The upward revision to near term tax base growth projections and strong Corporate Income Tax collections, the committee however notes that, this revision may be based on revenue forecasts that are rather optimistic as argued by some stakeholders in the in the hearings. The committee notes the explanations from the National Treasury that the strong revenue collections were due to Corporate Income Tax, CIT collection

Chairperson, the committee is concerned that there appears to be lack of understanding of the future of the Gauteng and e- tolls, while the public seems to believe that the e-tolls have been scrapped. Clarification was provided that, a new funding model was being proposed to fund the e-tolls. The committee requires the Minister of Finance to provide a written response on this after adoption of this report.

The Committee recommends as it has in its previous reports that, the Public Procurement Bill be tabled in Parliament for

processing. The committee believes that the delays in tabling and processing this Bill, compromises transformation and localisation procurement of locally produced goods, in compliance with section 217 of the Constitution.

The committee believes that Black Economic Empowerment, youth, women and people living with disabilities should be given preference when procuring. Participants raised severe issues with regards to the risk of unresolved Wage Bill on the fiscal framework. The committee notes that while the Wage Bill has an impact on the fiscal framework, this matter will be referred to the Appropriations Committee for further consideration.

Lastly Chairperson, the committee thanks all those who participated in this process. Having considered the 2022 Revised and Proposed Fiscal Framework, the Select Committee on Finance adopts it. The DA, EFF and FF Plus reserved their positions. So, I ask for the report to be considered. Thank you very much Deputy Chair.

Declaration(s) of vote: Afrikaans:
Mnr J J LONDT: Agb Adjunkvoorsitter ...


... the DA has made it clear that it does not support bailouts to failing state-owned enterprises.


Dit is die man hier voor u. Ek gaan voor begin.


The DA has made it clear that it does not support bailouts to failing state-owned enterprises. To make this already untenable situation worse, we are bailing out the SA National Roads Agency, Sanral, due to the failed e-tolls project that the DA warned about from the start. But hon Deputy Chair, wait, there’s more. The end solution is still not clear as the Gauteng provincial government has been told to come up with a large sum of money and work out a future funding model. So the truth is that there is still no solution to e-tolls, if only this government had listened to the alternative solutions we put forward in the first place.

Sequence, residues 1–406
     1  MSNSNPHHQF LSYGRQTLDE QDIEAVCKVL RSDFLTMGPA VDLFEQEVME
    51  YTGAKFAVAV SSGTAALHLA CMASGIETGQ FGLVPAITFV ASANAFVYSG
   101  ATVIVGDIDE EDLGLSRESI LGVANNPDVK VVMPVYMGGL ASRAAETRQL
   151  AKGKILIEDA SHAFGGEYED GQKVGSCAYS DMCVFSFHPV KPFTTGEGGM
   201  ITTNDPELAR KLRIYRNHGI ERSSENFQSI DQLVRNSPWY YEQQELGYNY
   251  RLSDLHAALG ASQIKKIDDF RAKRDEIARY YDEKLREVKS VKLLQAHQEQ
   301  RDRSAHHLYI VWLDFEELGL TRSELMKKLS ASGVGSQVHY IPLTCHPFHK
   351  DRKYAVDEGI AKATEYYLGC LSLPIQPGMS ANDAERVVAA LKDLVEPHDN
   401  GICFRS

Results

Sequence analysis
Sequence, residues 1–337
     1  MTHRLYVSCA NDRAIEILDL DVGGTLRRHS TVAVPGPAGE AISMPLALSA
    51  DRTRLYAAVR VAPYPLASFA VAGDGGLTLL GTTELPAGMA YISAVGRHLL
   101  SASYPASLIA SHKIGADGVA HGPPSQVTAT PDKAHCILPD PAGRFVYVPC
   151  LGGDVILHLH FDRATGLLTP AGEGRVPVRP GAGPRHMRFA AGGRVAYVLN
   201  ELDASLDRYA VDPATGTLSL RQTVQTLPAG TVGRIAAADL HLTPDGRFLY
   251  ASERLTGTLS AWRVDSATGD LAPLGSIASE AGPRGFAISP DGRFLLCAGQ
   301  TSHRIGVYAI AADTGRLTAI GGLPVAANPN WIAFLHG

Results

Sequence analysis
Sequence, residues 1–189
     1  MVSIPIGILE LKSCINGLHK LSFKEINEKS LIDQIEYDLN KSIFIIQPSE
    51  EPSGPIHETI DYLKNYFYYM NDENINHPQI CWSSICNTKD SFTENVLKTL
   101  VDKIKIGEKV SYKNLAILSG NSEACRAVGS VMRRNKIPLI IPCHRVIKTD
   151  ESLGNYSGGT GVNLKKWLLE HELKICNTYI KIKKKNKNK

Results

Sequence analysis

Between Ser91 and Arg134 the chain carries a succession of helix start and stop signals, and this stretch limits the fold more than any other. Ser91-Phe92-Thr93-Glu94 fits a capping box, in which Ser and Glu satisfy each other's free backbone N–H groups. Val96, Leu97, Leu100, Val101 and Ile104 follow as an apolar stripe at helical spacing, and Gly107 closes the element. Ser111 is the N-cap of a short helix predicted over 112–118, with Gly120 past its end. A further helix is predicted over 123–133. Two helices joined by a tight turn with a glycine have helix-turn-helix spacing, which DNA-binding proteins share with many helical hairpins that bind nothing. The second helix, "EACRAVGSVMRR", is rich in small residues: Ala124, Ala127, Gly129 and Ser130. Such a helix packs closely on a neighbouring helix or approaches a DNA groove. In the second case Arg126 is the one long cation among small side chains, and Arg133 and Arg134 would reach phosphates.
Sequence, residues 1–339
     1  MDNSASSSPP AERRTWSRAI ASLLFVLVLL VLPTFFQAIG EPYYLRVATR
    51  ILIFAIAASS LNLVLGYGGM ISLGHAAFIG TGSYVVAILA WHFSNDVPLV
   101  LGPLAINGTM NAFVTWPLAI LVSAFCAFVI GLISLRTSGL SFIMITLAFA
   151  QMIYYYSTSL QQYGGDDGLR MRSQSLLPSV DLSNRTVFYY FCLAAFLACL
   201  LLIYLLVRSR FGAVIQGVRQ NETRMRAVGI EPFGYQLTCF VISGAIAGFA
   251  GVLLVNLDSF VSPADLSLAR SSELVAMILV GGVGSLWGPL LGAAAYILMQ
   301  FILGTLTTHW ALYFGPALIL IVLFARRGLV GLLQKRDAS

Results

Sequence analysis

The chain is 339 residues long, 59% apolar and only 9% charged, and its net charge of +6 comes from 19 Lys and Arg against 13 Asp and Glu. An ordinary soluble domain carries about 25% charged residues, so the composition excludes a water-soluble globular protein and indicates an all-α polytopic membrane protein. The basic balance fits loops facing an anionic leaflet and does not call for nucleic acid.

The debt swop for Eskom is another bailout by subversion with no quantum revealed, no conditions disclosed and no visible progress on splitting Eskom into three parts. The cleaning up of the Eskom balance sheet at the expense of the many other

demands on taxpayers’ money is a shocking absolution for one of the primary vehicles of state capture. But hon Deputy Chair, wait there’s more. The Minister was still walking back down the red carpet after his speech when Eskom’s latest borrowing spree was announced with the World Bank advancing an eye-watering amount to fund green energy projects.

The report on the fiscal framework also includes a worrying remark about the SA Reserve Bank and the recent correction in the interest rates to pre-Covid levels. This is in line with the international trends and in protection of the currency as is the mandate of the Reserve Bank. The chair of the Standing Committee on Finance tried to lead the joint committees down a path of the monetary policy which is not our mandate and is specifically separate from the fiscal policy.

The absence of any signal that greater funding will be committed to the core face of service delivery, which is provincial and local government levels, leaves us without an option but to reject this report and the fiscal framework behind it.


Baie dankie, agb Adjunkvoorsitter.

Mr Y I CARRIM: Chairperson, basically, we don’t agree with unconditional bailouts. No way in the discussion that we had! The gentleman wasn’t there. Remember, he wasn’t there. Did we say that? In fact, we said the opposite. I don’t know where he read the report, or is it the researcher who read the report? But whatever it is, it is there in a crystal clear language that we do not support unconditional bailouts, but we welcome the bailouts that have been issued so far.

We have once again ... and the Treasury has shown that it is taking the committee seriously. Actually, it now has conditions set for it. In fact, the report goes even further saying something to the effect that when it comes to Eskom, we also want to see what the conditions attached are, who is going to monitor it, how and timelines. We did spell out all that in the report because it reports all what was done.